baby-21167_1920A very common concern among the mothers I know and work with, is whether or not they are making enough milk.  Although there are a handful of medical conditions that can contribute to production issues, I’m pleased to tell you that the vast majority of women are absolutely capable of producing all the milk their baby could need.

There are however, a few ways (even in the absence of medical issues) that a mother might unwittingly compromise her milk supply:

  1. Scheduling Feedings.  There are women who can nurse every three or four hours without compromising their supply, while others need to breastfeed much more frequently to maintain the supply they have.  It comes down to breast anatomy and the way that milk is produced by demand and regular emptying of the breasts.  While it’s not possible to tell beforehand which category you will fall into, allowing your baby unrestricted access to the breast will ensure that you have an ample supply.  The saying goes “watch the baby, not the clock.”
  2. Cutting Calories.  Ladies, I know the temptation.  I never gain much during pregnancy, but I pack on the pounds once my babies are born.  The first year after birth is a struggle for me, because the moment I cut back on calories, I notice an immediate drop in my supply!  There are women who can absolutely lose weight while they’re nursing and still maintain their supply.  There is a very real risk though, of compromising your production if you suddenly cut the number of calories you are consuming in a day.  If you are going to try and reduce your calories, do it slowly and over a period of weeks to reduce the impact it might have on your milk supply.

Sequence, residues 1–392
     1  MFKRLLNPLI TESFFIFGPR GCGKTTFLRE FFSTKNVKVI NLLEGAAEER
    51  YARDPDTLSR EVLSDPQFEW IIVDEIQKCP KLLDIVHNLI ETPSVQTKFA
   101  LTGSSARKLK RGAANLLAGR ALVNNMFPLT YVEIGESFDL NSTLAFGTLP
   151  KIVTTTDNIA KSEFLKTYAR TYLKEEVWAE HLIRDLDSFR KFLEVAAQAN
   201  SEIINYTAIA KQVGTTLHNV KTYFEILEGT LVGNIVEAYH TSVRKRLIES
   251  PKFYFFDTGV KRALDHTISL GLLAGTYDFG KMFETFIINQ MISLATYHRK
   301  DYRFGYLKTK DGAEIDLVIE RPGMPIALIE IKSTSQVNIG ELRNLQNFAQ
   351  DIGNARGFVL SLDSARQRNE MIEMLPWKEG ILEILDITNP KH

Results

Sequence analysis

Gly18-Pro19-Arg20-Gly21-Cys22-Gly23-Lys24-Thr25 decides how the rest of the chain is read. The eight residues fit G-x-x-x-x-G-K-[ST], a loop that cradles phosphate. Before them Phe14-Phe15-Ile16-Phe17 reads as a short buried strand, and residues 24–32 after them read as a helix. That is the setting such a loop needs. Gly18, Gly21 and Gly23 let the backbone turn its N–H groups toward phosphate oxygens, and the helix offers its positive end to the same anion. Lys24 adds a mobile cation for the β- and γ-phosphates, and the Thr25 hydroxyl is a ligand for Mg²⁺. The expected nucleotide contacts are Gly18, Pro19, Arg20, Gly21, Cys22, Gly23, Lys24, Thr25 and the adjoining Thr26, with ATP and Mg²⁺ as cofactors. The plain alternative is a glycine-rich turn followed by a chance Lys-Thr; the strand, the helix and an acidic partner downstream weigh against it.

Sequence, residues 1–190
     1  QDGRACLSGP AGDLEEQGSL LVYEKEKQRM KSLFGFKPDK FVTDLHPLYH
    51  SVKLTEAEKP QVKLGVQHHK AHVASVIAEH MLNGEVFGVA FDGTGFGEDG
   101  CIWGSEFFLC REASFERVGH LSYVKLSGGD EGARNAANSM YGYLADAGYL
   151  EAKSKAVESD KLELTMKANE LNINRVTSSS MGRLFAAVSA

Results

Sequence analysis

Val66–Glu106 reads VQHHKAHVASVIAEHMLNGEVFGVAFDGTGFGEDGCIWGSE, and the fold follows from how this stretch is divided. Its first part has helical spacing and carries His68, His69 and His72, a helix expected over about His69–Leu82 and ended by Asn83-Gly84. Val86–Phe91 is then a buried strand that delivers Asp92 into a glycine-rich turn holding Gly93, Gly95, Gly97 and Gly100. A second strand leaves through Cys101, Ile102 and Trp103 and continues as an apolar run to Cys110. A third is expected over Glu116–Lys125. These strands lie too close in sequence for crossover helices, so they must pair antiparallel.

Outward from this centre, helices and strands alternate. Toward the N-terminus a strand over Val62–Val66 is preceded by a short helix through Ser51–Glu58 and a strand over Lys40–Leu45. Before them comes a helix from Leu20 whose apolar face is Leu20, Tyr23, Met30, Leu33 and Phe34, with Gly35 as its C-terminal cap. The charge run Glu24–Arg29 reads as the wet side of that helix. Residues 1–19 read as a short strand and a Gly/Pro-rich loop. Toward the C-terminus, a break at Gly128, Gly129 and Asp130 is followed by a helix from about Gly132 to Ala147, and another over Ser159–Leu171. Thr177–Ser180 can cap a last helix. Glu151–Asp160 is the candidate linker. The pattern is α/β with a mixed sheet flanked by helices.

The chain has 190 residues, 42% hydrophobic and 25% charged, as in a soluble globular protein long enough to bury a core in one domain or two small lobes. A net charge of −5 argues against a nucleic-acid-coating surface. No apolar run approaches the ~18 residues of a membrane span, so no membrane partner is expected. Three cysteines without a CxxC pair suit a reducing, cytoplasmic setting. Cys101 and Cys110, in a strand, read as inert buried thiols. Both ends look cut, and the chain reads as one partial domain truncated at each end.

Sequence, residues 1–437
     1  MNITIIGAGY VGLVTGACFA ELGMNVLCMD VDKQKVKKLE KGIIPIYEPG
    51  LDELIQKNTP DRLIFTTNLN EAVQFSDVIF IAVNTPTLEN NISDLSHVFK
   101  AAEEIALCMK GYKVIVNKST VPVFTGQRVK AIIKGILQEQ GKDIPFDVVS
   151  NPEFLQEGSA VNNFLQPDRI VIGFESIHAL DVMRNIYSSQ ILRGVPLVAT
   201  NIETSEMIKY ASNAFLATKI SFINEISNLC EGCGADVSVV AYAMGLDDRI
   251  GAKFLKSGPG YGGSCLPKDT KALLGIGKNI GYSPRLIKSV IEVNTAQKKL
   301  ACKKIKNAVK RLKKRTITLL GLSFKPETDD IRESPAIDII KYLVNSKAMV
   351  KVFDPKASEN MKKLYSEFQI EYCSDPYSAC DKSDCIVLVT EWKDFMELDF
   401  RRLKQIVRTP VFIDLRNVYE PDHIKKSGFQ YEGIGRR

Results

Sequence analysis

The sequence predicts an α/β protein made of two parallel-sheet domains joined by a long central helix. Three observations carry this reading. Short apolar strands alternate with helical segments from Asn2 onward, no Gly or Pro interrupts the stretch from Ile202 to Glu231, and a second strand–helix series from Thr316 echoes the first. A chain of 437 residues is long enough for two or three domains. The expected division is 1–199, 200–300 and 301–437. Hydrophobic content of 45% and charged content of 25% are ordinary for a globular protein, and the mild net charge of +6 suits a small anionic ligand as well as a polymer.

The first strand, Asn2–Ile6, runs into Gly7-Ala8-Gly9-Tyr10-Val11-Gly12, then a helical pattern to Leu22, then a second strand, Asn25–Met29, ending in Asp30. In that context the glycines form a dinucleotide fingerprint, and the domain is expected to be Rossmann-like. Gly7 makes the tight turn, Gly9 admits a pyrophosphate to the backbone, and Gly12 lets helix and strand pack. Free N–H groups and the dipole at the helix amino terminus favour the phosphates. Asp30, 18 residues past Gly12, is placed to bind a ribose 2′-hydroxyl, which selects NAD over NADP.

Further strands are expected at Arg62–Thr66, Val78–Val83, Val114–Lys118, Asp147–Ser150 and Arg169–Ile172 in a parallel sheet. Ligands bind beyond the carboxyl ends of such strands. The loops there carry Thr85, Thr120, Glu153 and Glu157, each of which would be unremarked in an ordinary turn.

3. Pacifiers.  If you are a woman who needs to nurse regularly to maintain your supply, then any sucking that your baby does away from the breast, has the potential to affect how much milk you are making.
  4. Sleep Training.  Back to point number one.  If your baby is going long periods of time without nursing, your breasts are going a long time without being emptied.  Another interesting fact is that our bodies produce more milk during the early hours of the morning, than they do during the day, so this is a great time to nurse if you’re trying to maintain, or increase your supply!

The very best way to make sure you have a robust supply is to nurse early (as soon as possible after birth) and to nurse often (as often as your baby wants to).  It is important to make sure that your baby is latching well, so that you can nurse often without any discomfort.  Take advantage of the hospital Lactation Consultants after birth and make sure that you have contact information for your local La Leche League, or Breastfeeding USA group.  Having this kind of support in the early days will help to get you off to a great start.

If you are concerned about whether or not your baby is getting enough milk, the best way to tell is by watching their diaper output and their weight gain.  If your baby is wetting and soiling an adequate number of diapers for their age and if they are gaining weight appropriately, then they are getting all the milk they need.  Discuss your concerns with your baby’s doctor and be sure that your baby’s weight is being compared against the World Health Organization growth charts for breastfed infants.

Did you struggle with low milk supply?  Do you feel like any of these factors may have been to blame?  I’d love to hear about your experience below.


If you are struggling with supply issues, please reach out to a professional who can help you get back on track.
– Find volunteer peer support here.
– Find a local Lactation Consultant here.